Words by Adam Moore.
Laure Dubanet, Teresa Skamletz, Jessy Mackay, and Mathie Duchy commune with and for each other, the audience, and everything living in the Sydenham Hill woods. Calling to each other as they dart through the undergrowth, a mellifluous chorus of birdsong comes from every direction. Unsure if we are following these sounds or if these sounds are following us, we walk together slowly along well-trodden paths that take us deeper into the woods and further away from the suburban surroundings beyond the gate.
We arrive at a bridge that cuts through a large bowl of space where the worn earth looks soft and warm. We stop beneath a large tree, the largest in this part of the woods. Looking up at its branches fanning out, below its crown reaching majestically into the sky, its leaves are a much darker green than those belonging to the trees that tower above, whose bright green leaves appear almost yellow against this strong and humble monument, a beautiful beacon of life. We sit for some moments, bathing in the atmosphere, shaded at the base of this tree where we stop to rest and watch the performance from the bridge.
Like the birds, we hear the performers first as they call to each other, energetically negotiating the territory of their performance in a matching quartet of counter-calls — echolocating one another — before gently rambling into view, drawing closer to the textures of the woods, and nestling comfortably closer to the audience. One performer inverts, draping themselves over a nearby tree at the edge of the clearing.
One performer lies down on the ground in the clearing where no plants grow. The others stand further off, in and amongst the tall green undergrowth, harmonising elongated vowel sounds — an antiphonal trio where their overlapping songs merge into one. The body on the ground merges with the melody, beginning a meditative solo. Limbs stir, waving close to the ground, like leaves pushed along by the wind. Gradually the dance whirs into spinal flexions and extensions that take the dancer onto their knees, before rising into the warm air suspended snugly between the surrounding beams and boughs that beautifully frame this dance.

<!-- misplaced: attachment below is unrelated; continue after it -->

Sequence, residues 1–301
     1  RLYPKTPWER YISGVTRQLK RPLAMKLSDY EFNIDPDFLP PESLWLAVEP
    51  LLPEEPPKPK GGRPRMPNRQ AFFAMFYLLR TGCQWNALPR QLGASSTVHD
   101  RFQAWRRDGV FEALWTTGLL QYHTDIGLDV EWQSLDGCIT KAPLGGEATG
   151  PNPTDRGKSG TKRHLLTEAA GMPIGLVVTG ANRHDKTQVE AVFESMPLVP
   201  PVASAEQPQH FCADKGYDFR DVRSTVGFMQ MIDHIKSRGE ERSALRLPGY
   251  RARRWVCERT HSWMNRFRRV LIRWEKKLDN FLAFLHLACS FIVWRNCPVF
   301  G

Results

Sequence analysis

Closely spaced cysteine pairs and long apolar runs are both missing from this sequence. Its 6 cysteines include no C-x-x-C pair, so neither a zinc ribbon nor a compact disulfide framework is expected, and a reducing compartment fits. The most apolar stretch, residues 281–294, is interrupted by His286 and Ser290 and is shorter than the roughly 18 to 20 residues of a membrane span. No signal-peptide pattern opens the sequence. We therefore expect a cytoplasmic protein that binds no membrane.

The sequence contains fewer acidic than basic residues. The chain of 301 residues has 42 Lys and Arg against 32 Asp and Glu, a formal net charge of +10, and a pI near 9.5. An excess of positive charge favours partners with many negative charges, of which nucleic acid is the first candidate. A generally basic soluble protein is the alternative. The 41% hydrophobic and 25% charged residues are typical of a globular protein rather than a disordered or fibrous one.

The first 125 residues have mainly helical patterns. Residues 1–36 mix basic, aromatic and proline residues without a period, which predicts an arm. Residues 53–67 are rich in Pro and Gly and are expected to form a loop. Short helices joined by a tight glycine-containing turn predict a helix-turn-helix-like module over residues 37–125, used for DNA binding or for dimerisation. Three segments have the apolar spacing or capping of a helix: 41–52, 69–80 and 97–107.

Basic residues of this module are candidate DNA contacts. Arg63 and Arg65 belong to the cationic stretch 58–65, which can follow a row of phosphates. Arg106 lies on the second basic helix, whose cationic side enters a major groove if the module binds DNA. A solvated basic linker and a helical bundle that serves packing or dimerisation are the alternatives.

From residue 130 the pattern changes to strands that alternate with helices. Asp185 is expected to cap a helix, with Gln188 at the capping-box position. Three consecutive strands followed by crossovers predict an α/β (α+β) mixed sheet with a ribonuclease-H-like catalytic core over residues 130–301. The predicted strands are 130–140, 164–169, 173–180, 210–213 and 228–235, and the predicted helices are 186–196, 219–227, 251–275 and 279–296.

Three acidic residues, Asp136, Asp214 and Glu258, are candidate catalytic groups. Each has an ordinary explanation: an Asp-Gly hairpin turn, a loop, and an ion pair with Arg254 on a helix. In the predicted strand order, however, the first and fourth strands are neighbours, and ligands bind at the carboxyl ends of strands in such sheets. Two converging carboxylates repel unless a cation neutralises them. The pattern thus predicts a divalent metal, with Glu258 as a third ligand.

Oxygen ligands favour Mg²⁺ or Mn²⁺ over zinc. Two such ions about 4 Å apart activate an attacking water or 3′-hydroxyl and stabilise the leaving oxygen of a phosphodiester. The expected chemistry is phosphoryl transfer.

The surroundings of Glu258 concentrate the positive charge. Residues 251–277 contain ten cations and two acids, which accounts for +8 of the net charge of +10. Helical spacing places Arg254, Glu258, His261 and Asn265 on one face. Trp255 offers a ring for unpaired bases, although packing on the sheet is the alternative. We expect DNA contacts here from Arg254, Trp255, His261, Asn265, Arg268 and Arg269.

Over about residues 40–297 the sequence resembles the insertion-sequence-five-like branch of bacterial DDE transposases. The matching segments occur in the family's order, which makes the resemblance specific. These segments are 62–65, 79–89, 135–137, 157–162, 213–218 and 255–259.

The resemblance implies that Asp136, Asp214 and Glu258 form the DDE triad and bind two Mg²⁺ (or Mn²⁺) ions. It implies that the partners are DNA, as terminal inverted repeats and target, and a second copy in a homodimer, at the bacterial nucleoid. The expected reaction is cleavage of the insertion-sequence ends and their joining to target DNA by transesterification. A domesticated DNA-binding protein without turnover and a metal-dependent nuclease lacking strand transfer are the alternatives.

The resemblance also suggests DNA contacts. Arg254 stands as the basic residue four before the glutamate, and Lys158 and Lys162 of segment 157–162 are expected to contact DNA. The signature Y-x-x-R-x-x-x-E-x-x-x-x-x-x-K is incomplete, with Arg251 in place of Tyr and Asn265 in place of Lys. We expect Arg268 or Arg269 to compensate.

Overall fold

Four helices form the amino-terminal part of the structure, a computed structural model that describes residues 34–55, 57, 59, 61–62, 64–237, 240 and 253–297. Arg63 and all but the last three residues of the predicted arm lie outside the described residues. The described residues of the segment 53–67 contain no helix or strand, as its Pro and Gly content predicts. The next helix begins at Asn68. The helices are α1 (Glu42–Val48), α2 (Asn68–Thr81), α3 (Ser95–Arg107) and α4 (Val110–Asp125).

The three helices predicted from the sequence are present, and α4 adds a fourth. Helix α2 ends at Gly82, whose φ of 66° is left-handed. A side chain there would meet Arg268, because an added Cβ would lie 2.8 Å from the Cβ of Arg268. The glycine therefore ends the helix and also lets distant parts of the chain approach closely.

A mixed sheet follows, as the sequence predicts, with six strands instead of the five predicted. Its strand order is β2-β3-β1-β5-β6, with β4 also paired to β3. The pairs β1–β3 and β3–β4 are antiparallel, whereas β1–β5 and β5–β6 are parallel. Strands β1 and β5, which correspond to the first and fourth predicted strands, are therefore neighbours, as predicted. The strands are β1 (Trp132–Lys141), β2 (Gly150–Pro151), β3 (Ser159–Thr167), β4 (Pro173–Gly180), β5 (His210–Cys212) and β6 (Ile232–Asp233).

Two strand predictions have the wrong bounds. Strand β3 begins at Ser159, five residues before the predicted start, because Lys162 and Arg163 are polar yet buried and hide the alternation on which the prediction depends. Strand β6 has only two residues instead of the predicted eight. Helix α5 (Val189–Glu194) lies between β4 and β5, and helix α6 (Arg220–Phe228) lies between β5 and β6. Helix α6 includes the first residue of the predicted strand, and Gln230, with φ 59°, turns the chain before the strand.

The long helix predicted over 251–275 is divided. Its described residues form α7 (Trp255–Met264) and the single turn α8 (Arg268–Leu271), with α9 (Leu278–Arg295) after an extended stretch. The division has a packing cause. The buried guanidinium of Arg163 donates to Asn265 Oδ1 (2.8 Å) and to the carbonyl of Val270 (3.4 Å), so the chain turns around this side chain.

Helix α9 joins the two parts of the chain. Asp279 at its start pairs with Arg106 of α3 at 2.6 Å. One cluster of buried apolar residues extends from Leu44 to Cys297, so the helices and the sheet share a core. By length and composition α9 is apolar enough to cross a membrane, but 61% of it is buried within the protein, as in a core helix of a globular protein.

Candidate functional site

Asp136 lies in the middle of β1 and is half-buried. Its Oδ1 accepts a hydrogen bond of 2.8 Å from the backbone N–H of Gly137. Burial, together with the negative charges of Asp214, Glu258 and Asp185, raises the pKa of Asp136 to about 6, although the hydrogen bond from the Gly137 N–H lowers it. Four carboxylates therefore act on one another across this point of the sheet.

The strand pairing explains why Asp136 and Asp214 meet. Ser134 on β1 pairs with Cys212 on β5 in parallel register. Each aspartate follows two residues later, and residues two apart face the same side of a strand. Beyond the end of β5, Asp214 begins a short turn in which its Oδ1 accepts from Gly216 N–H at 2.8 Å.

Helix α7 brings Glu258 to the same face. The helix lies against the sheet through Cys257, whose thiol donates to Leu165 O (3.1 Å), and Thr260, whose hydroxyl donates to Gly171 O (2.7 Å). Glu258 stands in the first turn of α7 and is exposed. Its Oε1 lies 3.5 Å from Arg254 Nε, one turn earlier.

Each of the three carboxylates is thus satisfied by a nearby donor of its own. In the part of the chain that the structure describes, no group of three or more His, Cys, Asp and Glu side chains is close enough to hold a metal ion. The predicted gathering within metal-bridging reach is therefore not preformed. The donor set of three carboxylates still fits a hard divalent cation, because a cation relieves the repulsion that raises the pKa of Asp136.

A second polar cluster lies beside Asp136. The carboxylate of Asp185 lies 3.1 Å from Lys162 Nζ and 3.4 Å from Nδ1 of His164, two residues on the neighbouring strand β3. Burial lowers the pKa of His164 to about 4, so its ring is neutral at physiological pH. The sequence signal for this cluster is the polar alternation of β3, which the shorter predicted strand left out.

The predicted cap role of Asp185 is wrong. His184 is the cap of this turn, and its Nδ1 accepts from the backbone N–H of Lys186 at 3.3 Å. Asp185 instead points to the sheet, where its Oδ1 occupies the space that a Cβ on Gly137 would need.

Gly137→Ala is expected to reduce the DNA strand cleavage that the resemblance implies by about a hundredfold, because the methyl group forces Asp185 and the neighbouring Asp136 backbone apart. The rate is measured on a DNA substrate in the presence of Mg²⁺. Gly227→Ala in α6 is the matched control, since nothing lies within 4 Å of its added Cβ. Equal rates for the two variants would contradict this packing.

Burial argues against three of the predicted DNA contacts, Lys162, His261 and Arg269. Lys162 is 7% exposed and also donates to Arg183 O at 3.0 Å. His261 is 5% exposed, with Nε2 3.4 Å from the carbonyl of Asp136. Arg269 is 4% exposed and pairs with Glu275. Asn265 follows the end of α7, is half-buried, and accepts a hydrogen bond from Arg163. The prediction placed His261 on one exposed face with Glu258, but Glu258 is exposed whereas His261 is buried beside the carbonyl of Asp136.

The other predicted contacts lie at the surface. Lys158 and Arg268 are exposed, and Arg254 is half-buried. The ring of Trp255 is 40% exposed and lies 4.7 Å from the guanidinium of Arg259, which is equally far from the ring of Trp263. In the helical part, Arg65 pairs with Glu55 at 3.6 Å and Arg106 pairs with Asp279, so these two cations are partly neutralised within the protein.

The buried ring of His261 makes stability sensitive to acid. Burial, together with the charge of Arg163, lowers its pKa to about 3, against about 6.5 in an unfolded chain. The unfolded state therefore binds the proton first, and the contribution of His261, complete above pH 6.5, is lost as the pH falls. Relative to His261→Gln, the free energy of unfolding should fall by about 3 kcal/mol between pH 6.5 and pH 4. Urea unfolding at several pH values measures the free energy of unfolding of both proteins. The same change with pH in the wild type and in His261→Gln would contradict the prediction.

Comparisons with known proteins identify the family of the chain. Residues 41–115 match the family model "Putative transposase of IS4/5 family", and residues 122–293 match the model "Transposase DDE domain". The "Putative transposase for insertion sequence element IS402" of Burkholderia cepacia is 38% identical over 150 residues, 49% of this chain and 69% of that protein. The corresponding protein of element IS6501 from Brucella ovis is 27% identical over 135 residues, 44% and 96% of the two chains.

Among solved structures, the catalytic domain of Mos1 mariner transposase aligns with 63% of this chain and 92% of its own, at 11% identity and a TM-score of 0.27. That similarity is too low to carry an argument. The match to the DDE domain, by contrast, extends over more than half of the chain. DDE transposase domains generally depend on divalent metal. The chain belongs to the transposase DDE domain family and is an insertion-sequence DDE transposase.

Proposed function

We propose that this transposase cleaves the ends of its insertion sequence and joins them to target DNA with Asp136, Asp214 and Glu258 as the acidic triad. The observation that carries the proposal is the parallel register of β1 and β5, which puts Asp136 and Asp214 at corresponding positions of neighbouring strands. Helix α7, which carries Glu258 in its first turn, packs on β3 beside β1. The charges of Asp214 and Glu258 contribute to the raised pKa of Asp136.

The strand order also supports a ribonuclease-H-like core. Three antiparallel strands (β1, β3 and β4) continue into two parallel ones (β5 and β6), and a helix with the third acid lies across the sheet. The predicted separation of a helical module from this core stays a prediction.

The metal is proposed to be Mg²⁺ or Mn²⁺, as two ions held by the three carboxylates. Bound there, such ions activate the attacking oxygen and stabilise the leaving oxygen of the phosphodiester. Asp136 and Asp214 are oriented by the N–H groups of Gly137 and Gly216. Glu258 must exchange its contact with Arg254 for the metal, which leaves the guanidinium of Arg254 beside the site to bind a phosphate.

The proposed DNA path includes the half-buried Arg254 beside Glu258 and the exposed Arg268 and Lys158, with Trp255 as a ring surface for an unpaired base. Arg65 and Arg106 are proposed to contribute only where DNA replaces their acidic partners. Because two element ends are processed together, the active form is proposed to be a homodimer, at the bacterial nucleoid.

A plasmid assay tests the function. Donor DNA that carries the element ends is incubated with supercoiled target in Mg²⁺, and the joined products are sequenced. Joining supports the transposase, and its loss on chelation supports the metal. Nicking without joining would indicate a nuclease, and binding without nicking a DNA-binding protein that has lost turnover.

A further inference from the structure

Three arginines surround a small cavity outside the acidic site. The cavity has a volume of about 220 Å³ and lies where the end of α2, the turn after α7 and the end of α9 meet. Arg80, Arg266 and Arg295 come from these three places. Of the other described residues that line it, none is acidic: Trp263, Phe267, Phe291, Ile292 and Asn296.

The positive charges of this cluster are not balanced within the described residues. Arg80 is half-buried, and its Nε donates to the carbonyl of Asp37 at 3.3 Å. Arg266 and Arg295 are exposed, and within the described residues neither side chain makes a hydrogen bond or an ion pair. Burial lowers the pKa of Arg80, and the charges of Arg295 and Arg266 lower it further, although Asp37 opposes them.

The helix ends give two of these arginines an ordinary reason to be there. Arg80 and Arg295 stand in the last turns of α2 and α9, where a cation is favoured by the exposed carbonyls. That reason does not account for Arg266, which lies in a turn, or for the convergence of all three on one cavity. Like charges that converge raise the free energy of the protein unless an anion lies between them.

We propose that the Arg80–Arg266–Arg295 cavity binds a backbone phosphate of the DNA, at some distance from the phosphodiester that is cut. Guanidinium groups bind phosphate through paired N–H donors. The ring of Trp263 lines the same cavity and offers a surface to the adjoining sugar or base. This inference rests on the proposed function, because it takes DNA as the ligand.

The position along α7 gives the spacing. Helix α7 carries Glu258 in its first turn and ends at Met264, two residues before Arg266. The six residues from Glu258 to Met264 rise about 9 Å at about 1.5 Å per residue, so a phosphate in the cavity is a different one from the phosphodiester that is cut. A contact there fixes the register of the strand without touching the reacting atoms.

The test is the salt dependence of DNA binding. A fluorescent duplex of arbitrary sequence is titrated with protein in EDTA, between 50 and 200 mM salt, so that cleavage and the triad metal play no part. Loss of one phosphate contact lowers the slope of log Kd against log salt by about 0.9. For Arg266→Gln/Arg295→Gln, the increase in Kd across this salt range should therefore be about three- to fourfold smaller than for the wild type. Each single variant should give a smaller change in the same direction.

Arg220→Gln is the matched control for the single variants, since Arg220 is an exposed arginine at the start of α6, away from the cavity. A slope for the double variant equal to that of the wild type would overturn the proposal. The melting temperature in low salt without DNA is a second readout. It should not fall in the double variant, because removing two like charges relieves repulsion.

Over and under the wooden guard rails and past the audience, the performers cross the narrow boardwalk together before tumbling down the shallow bank alongside the bridge. Resting in their scattered landing, we compare the shapes and sizes of these bodies with the trunks and stumps gathered below. Diffusing into the spacious polyphony of the woods, the instrumentalised choral vocal breathes effortlessly and invisibly. The performers begin a repetitive ensemble motion, clambering up the bank from the timber grave yard towards us, only to skid and stumble down again and again.
Back in the clearing, the quartet scuffle into a rise and fall motif of abandon, tipping into rolling, tumbling, skidding, and sliding, accompanied by a pure, sustained harmony that sounds like flutes, pipes, and horns. The performers gather momentum. An archaic drum beats, thundering in the distance. From here on out, the dancers swiftly brush through vertically without fully visiting this posture. Instead, they combine light bounces that take them through various seated upright positions, and fling their entire bodies off on diagonals that leap back into and across the ground towards the audience, spiralling and pivoting, whizzing into the sound — and the woods — that envelopes us.
In the forb of the understory across the floor of the forest, in the resonance of the birdsong carrying tunefully, in the movement of the breeze cooling the comfortably tepid air under the shade of the canopy, the Groundmarks project transmits a sense of awe and wonder.
For more information, head to Groundmarks’ Instagram.
A piece by Hannah Wallace and Heloise Tunstall-Behrens. Dancers: Laure Dubanet, Jessy Mackay, Teresa Skamletz, Mathie Douchy. Design: Josie Owen. Photography: Kim Chi Le. Film: Becca Hunt
About Groundmarks: Groundmarks is a dance performance project exploring the experience of the moving, sensing body within a constantly evolving landscape- how we can find our ground in an embodied relationship with other life that we as humans share space with.